The implementation of transitional justice in Colombia will guide other peace processes around the world
A new book by the International Center for Transitional Justice includes a chapter on Colombia written by two of our researchers.
NEW YORK, May 16, 2017—What hope is there for justice for victims of atrocities in profoundly fractured societies, where systems of government have broken down and social and political divisions run deep? What is the role of transitional justice in forging peace in countries like Colombia, after decades of conflict? Or in countries like Tunisia after years of repression and corrosive corruption?
A new book by the International Center for Transitional Justice, titled Justice Mosaics: How Context Shapes Transitional Justice in Fractured Societies, examines the challenges of responding to massive human rights violations in such different and difficult circumstances. It explores how societies in times of transition must adapt transitional justice in different ways. In particular, it illuminates how various factors unique to each country — like political settlements and social and economic problems — can impact the design and implementation of transitional justice.
The aim of the book is to help policy makers, practitioners, and academics to better read each context and understand how different factors come together to facilitate or undermine efforts to achieve transitional justice at a given time.
“Societies faced with the task of responding to past injustices vary greatly,” explains Roger Duthie, ICTJ Director of Research and co-editor of the book. “They differ in terms of the type of transition they are undergoing, their institutional and political fragility, and their social and economic development. All of this has important implications for the relevance and form of justice efforts.”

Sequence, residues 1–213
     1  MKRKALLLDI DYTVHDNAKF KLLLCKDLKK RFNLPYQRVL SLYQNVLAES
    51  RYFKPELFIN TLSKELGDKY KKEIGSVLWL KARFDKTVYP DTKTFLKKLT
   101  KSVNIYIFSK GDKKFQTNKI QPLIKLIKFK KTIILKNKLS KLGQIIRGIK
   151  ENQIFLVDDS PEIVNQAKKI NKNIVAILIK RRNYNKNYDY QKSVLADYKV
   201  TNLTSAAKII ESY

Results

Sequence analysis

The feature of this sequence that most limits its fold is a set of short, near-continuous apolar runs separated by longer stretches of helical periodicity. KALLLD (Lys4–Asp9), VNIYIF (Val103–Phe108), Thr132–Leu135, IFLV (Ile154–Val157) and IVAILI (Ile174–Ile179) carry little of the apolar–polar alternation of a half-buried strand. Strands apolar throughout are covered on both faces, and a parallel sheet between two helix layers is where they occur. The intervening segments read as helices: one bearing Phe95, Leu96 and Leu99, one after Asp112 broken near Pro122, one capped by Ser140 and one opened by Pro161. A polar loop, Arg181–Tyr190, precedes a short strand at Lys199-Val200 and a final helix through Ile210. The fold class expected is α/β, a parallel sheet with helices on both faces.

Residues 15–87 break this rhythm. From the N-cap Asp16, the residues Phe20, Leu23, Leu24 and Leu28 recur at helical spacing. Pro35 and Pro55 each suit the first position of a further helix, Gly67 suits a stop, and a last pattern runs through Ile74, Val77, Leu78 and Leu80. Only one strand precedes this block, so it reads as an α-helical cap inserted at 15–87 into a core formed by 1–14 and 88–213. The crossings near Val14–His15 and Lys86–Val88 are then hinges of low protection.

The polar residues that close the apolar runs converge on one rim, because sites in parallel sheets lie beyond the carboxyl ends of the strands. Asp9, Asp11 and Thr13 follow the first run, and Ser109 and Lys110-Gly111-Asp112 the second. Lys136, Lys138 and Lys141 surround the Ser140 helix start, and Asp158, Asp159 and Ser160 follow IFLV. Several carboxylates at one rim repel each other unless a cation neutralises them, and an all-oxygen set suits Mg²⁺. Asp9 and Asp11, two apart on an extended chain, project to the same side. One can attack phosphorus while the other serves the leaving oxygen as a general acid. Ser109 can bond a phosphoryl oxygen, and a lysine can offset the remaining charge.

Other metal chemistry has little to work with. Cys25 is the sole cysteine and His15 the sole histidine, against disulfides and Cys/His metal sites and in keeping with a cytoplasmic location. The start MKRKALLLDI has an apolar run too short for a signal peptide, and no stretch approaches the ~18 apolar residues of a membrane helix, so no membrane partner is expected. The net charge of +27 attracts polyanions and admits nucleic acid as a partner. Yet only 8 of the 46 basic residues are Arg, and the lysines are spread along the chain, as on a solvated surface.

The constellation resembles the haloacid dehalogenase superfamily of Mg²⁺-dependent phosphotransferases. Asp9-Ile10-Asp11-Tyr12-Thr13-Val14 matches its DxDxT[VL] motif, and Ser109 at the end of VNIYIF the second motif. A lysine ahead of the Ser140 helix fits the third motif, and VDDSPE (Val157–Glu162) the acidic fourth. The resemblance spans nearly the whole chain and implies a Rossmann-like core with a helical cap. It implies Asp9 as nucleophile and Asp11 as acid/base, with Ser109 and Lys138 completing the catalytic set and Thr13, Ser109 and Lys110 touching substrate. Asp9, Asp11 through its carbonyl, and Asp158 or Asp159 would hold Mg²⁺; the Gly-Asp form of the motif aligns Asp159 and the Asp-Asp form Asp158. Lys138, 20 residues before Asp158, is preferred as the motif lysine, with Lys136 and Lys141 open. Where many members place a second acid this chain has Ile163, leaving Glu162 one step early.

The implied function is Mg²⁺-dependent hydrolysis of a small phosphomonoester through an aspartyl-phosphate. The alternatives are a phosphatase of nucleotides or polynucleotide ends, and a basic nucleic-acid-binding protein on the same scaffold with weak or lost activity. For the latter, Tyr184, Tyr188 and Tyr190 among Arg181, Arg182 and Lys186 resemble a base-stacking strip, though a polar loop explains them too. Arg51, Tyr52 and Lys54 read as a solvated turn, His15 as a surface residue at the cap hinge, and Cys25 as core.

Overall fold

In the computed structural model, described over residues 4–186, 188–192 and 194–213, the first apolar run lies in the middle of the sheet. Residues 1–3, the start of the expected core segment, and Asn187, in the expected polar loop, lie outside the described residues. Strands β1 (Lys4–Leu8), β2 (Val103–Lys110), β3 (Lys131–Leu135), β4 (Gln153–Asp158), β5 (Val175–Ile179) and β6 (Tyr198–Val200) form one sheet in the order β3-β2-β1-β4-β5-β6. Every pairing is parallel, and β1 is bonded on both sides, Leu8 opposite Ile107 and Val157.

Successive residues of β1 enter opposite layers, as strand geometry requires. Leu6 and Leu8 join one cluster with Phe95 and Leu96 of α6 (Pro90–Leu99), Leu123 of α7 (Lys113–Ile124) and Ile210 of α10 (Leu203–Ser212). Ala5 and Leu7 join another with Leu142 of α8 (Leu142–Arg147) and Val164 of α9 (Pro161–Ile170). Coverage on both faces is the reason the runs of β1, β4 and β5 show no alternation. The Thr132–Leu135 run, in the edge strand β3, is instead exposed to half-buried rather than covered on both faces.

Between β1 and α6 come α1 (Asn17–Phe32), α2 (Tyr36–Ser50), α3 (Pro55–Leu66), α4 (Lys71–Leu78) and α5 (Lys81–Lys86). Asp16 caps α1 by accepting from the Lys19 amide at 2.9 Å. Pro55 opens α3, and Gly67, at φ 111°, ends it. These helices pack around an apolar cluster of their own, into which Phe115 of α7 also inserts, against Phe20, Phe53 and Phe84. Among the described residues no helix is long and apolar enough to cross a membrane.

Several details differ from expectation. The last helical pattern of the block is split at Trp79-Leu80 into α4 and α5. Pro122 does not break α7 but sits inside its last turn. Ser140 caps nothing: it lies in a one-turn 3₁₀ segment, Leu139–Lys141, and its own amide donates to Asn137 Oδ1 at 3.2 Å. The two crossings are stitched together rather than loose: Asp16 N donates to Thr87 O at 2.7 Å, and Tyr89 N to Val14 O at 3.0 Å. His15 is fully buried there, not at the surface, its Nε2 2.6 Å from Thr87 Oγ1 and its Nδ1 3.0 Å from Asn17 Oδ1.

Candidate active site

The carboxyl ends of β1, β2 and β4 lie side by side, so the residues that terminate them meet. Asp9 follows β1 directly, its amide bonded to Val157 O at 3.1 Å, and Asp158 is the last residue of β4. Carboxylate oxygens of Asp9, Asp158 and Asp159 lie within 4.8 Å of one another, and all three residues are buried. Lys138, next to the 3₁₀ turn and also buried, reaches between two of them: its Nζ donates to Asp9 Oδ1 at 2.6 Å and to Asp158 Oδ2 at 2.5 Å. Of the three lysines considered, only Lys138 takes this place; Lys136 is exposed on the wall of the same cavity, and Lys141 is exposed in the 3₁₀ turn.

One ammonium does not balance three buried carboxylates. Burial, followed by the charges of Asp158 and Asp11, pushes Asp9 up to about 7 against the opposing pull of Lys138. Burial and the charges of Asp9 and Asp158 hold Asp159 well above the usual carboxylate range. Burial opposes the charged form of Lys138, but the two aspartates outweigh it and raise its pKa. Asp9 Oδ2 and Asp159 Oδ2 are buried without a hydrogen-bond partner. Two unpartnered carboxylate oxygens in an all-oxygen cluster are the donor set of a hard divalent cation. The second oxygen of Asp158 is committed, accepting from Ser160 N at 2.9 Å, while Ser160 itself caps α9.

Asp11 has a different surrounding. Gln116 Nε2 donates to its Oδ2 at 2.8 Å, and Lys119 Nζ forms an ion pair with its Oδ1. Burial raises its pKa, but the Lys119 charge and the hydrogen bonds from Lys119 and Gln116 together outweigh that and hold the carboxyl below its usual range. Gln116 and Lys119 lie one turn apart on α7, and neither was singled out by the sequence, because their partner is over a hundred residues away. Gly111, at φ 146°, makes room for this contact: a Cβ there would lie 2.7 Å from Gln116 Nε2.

As the book explains, different factors in each country interact with each other to create unique opportunities and challenges for seeking justice. In such circumstances, where demands for peace and justice often intersect in difficult and challenging ways, what “can” be done, versus what “should” be done, depends very much on the specifics of the country. Understanding these factors and anticipating how they may interact with each other is part of doing justice in a sophisticated and artful way, rather than a dogmatic or formulaic way.
However, over the years the field of transitional justice has sometimes seemed to offer formulaic responses to vastly different contexts, which have been taken together as a universal “toolkit” or prescription to be applied wherever massive human rights had occurred. The formula generally integrated: truth seeking, reparations for victims, reform of abusive state institutions, and criminal trials.
“There are two problems with this kind of ‘formula.’ It leads to assumptions that the same approaches work the same way in very different places, so we end up with a kind of template approach. And we have governments who think they are doing the right thing by trying to tick all these boxes, when in reality very few countries — even developed ones — could manage to pull off the legal and administrative complexity of these processes successfully,” says Paul Seils, ICTJ Vice President and co-editor of the book.